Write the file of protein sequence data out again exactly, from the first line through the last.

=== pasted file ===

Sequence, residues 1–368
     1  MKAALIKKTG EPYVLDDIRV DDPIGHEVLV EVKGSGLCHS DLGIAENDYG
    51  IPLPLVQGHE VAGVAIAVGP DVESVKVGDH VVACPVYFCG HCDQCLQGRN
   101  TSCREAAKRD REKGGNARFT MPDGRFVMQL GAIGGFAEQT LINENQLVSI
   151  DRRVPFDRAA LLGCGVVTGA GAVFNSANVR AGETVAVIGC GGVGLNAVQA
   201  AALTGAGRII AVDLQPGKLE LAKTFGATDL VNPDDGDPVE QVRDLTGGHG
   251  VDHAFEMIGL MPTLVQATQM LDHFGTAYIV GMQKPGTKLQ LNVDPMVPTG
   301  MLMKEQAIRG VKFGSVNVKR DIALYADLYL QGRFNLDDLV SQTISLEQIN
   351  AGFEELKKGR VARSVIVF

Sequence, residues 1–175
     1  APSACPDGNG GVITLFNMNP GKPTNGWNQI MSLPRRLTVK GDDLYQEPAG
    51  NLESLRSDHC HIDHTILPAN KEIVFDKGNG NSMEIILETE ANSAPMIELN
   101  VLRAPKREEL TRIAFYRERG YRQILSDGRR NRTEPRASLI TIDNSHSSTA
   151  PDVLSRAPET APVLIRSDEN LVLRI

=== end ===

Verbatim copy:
Sequence, residues 1–368
     1  MKAALIKKTG EPYVLDDIRV DDPIGHEVLV EVKGSGLCHS DLGIAENDYG
    51  IPLPLVQGHE VAGVAIAVGP DVESVKVGDH VVACPVYFCG HCDQCLQGRN
   101  TSCREAAKRD REKGGNARFT MPDGRFVMQL GAIGGFAEQT LINENQLVSI
   151  DRRVPFDRAA LLGCGVVTGA GAVFNSANVR AGETVAVIGC GGVGLNAVQA
   201  AALTGAGRII AVDLQPGKLE LAKTFGATDL VNPDDGDPVE QVRDLTGGHG
   251  VDHAFEMIGL MPTLVQATQM LDHFGTAYIV GMQKPGTKLQ LNVDPMVPTG
   301  MLMKEQAIRG VKFGSVNVKR DIALYADLYL QGRFNLDDLV SQTISLEQIN
   351  AGFEELKKGR VARSVIVF

Sequence, residues 1–175
     1  APSACPDGNG GVITLFNMNP GKPTNGWNQI MSLPRRLTVK GDDLYQEPAG
    51  NLESLRSDHC HIDHTILPAN KEIVFDKGNG NSMEIILETE ANSAPMIELN
   101  VLRAPKREEL TRIAFYRERG YRQILSDGRR NRTEPRASLI TIDNSHSSTA
   151  PDVLSRAPET APVLIRSDEN LVLRI